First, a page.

South Lake Union’s past, present and future

Blaine Weber
By Blaine Weber

A Founding Principal at Weber Thompson, Blaine Weber retired in March 2022, ending a 35+ year career at Weber Thompson and 50-year career in architecture.

Blaine is a passionate evangelist for urban living and the design and development of high-rise residential and mixed-use towers. He is a published author of numerous local and national articles on the subject. Blaine’s passion for re-invention is nourished by incessant participation in many forums for innovation and ideas. In 2006, Seattle Magazine selected Mr. Weber as: “One of 18 City Shapers, key players that are creating a new Emerald City”.

This article was originally published in the Daily Journal of Commerce on March 27, 2014.

The pace of evolution in SLU is so rapid that some worry whether the city will be able to keep up with infrastructure and housing demands.

Seattle enjoys one of the more robust economies in the nation, with job growth and in-migration as the main drivers. In downtown Seattle, development momentum has shifted north, toward the Denny Triangle and South Lake Union. This is where Amazon and many other Fortune 500 companies are fueling jobs at a record pace.

It is clear that people want to be here; what does the future hold for South Lake Union, and will housing supply keep up with demand?

In an area that has been described as one of the most ambitious redevelopment districts in the nation, the pace of transformation in South Lake Union is truly mind-boggling. Cranes fill the sky above, and construction workers mingle with the life scientists, technology workers and biomedical researchers that live, work and play here. It seems that new residential and commercial office projects are announced every week, helping to advance the evolution of this very walkable community.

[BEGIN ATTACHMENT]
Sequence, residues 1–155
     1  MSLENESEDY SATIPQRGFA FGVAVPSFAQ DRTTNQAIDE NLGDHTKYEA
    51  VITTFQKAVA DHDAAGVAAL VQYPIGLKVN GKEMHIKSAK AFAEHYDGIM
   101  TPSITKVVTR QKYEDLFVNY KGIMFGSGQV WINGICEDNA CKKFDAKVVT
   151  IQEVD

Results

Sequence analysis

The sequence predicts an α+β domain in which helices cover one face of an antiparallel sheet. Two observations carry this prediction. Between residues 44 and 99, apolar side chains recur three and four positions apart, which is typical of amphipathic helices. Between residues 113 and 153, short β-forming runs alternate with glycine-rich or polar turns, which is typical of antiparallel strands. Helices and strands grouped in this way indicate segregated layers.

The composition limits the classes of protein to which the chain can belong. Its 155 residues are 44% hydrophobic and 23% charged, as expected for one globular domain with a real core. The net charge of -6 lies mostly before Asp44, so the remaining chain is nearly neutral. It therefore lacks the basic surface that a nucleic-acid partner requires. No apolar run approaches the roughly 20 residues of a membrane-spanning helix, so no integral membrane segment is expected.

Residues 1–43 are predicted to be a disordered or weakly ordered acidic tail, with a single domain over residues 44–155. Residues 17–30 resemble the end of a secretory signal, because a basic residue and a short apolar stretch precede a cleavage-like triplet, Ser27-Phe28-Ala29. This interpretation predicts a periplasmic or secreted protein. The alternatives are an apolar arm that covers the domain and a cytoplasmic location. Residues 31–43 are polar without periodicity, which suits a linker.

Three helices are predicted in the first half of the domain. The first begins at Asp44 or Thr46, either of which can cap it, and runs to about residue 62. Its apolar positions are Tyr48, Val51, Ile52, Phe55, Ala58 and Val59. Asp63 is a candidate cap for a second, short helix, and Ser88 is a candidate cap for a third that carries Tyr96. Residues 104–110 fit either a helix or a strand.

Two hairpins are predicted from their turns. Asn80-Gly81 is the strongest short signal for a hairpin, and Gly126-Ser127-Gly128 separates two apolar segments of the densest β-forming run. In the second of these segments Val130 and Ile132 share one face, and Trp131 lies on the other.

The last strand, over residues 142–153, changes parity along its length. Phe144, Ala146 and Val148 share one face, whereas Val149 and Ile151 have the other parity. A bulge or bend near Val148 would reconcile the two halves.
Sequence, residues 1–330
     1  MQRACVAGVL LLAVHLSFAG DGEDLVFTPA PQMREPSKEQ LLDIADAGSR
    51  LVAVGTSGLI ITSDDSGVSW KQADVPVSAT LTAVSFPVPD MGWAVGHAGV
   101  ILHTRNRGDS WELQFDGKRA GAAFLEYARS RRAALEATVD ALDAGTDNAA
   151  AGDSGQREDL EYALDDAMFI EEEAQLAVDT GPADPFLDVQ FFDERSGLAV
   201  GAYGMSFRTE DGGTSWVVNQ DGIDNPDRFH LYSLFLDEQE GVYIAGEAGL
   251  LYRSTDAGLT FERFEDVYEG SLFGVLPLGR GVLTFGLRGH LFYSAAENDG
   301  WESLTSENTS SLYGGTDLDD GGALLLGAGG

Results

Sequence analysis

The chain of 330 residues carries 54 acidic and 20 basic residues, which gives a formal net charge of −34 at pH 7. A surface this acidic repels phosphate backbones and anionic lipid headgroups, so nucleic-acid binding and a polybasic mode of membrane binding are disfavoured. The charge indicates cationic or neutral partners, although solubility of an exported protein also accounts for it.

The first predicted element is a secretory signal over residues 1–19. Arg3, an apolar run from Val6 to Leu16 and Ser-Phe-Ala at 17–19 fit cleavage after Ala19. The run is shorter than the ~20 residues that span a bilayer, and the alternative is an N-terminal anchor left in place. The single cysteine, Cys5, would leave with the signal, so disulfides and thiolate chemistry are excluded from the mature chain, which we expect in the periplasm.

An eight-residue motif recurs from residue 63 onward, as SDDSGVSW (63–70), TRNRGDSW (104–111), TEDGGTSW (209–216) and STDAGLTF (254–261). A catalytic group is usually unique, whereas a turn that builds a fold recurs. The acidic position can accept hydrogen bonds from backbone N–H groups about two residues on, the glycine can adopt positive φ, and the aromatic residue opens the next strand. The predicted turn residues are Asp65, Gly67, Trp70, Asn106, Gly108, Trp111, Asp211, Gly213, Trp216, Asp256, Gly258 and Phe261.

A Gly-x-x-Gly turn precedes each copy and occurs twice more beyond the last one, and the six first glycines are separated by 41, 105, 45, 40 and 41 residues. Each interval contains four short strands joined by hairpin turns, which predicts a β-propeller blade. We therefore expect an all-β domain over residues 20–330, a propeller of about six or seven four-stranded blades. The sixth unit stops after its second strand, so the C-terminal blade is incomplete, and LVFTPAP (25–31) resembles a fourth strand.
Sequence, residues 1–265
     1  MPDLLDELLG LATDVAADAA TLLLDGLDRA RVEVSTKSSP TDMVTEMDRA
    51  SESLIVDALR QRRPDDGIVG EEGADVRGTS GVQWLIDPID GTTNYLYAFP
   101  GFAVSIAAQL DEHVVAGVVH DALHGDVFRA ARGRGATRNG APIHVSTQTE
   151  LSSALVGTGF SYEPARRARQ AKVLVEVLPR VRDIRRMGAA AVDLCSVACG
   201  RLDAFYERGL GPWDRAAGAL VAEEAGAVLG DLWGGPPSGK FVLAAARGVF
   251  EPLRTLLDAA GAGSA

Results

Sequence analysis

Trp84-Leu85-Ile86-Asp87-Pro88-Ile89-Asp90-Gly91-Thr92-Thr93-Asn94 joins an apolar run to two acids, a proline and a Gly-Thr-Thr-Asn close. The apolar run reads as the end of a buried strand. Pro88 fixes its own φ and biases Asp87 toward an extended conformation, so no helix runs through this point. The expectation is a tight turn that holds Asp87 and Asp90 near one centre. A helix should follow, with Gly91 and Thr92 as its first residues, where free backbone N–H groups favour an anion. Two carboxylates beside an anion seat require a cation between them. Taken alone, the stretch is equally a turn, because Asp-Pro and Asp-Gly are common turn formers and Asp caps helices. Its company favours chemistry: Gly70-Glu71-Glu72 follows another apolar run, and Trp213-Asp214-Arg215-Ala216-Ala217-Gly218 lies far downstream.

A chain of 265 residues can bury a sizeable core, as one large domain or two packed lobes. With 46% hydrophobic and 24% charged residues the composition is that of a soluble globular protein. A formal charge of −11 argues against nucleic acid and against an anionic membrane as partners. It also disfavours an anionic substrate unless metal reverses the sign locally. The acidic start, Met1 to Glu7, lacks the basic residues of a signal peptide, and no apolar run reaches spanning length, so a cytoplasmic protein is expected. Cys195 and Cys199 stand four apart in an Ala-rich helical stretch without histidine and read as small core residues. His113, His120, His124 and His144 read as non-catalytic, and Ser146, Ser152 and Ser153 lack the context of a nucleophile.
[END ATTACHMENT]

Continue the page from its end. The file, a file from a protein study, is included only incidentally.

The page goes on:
How did South Lake Union evolve so quickly (almost overnight it seems) from a relatively sleepy area of light-industry and maritime commerce into what is becoming a world-class urban village? The pace of evolution in SLU is so rapid that some worry whether the city will be able to keep up with infrastructure and housing demands. But before we consider that prospect, a quick review of the history of South Lake Union may help to elucidate the underpinnings of this growth.

The evolution of a dream

At a Fourth of July picnic in 1854, early Seattle settler Thomas Mercer stood on the banks of a pristine lake that he coined “Lake Union” and predicted that a great canal would one day “unite this pristine body of water with Lake Washington to the east and with Puget Sound to the west.” It was not until 1934 that the U.S. Army Corps of Engineers made good on Mercer’s vision by dredging the Fremont Canal and Montlake Cut; building the ship canal and five connecting drawbridges. Mercer’s visionary prediction clearly laid the ground for other Seattle dreamers to follow.

Completion of the ship canal project in 1934 advanced Lake Union’s ability to support commerce, and the area filled with light-industry on shore and on land. Machine shops and dry docks, mills, factories, laundries and stores of all types dotted the landscape. Even auto dealers proliferated, and Henry Ford built an assembly plant for Model T’s at what is now Shurgard Storage.

Early 20th century visionaries

Early 20th century Seattle city planning was guided by some very big thinkers, each with a unique vision for Lake Union and its southern shore. R.H. Thomson was the driving force behind the Denny Regrade — a massive civil engineering project that literally leveled small mountains in the interest of encouraging development toward Lake Union.

The Olmsted Brothers were hired in 1903 by the city to plan its park system. While they regarded Lake Union as an industrial district, they proposed a park on the lake’s south shore. It took over a century, but the Seattle Parks Department was finally able to fulfill this vision recently by constructing a stunning waterfront park at this location.

The Seattle Commons

Fast forward to 1991, and we learn of a Seattle Times columnist by the name of John Hinterberger, who had another “Mercer-like” vision of South Lake Union’s future. This one however was not about a canal that would provide a “union” — it was described as “a park with great boulevards, whispering firs and salmon runs.”